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Wyoming Fracking Chemical Information Disclosure

Pavillion, Wyoming. "Produced" water is brought back to the surface after fracking takes place. The water and fracking fluid is placed into evaporation ponds.

Pavillion, Wyoming. "Produced" water is brought back to the surface after fracking takes place. The water and fracking fluid is placed into evaporation ponds.

Photo courtesy of Ecoflight

Case Overview

In an effort to help protect the public from exposure to toxic chemicals, the Powder River Basin Resource Council, Wyoming Outdoor Council, Earthworks and Center for Effective Government (formerly OMB Watch) are in court to require the Wyoming Oil and Gas Conservation Commission (WOGCC) to disclose information about chemicals used during the controversial oil and gas development process known as hydraulic fracturing, or fracking.

Under regulations approved in 2010, Wyoming became the first state in the nation to require well operators to disclose the identities of chemicals that are mixed with water and injected into the ground during fracking. But since the regulations were adopted, the Commission has approved some 50 secrecy requests, shielding identifying information about over 190 different chemicals, by Halliburton and other oil and gas service companies.

Earthjustice, representing the groups, is asking a judge in the Natrona County District Court for the State of Wyoming to rule whether WOGCC acted illegally in granting the trade secrets requests and arguing that companies must reveal the identities of chemicals used during fracking.

Disclosure of hydraulic fracturing chemical information is a critical step in protecting public health and water quality. A review of the information that is already available is sobering: 78 percent of known fracking chemicals are associated with serious short-term health effects such as burning eyes, rashes, asthma-like effects, nausea, vomiting, headaches, dizziness, tremors, and convulsions. Between 22 and 47 percent of those chemicals also are associated with longer-term health effects, including cancer, organ damage, and harm to the endocrine system.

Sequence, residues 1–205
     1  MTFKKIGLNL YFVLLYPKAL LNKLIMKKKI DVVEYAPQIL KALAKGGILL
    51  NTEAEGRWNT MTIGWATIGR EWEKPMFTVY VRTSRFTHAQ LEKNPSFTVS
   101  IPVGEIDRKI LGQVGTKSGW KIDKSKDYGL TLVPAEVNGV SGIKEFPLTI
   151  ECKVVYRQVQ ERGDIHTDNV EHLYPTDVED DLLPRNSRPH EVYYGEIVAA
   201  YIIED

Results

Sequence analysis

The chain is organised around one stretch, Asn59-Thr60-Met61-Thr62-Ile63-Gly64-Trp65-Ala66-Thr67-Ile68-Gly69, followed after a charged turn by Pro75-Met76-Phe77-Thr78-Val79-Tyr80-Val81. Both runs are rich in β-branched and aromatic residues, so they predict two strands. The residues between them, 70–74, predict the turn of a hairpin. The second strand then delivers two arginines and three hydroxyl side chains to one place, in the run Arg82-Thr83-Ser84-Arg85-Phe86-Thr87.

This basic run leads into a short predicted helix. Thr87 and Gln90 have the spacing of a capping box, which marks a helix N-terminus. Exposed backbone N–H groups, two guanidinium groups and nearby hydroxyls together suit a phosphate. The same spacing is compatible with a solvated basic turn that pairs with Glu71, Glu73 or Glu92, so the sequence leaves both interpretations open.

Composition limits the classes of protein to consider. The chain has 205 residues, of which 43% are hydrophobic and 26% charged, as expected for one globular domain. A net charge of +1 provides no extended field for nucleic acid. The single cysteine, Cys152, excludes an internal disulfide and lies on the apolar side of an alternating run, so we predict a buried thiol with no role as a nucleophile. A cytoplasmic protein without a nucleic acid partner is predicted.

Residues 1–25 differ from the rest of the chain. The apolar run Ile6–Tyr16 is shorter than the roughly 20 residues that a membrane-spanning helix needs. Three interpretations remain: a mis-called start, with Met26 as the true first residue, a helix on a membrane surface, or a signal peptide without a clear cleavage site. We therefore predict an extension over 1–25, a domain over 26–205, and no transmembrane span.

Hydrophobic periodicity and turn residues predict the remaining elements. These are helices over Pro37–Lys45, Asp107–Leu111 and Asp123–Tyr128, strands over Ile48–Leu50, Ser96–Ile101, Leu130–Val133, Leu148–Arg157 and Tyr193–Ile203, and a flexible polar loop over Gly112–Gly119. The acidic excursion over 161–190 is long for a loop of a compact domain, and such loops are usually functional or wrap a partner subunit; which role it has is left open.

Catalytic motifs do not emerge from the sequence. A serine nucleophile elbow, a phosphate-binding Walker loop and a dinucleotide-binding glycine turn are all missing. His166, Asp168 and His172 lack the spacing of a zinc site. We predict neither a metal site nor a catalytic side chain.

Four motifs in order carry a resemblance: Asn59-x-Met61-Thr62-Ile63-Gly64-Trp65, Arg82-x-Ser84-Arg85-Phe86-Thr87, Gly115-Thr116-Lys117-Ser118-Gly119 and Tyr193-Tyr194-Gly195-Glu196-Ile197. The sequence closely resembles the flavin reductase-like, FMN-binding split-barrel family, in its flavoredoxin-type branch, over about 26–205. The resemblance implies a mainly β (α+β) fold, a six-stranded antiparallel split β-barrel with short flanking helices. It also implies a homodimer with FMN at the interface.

The case could set a broad legal precedent—as the states of Texas, Arkansas, Pennsylvania, Colorado, Montana, and Michigan all have fracking chemical disclosure regulations similar to Wyoming’s on the books.

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Case Updates

January 23, 2013 | In the News: Billings Gazette

Fracking trade secrets arguments heard by Casper judge; ruling expected in 60 days

Judge Catherine Wilking of Casper, Wyoming will soon rule regarding a case challenging the Wyoming Oil and Gas Conservation Commission’s granting of trade secret exemptions to companies such as Halliburton that engage in hydraulic fracturing, or “fracking”. At issue is the publishing of ingredients used to perform fracking, information that Earthjustice attorney Tim Preso argued should be public knowledge. The companies countered that the publication of such details would negatively affect their competitive advantage.

January 18, 2013 | Blog Post

Journalists Expose Fracking Cover Up

New uncovered documents show that fracking company Range Resources persuaded the Environmental Protection Agency to drop its investigation into water contamination of a Texas home—in spite of the fact that preliminary testing showed that the company could have been responsible for cancer causing benzene and flammable methane in the family’s drinking water.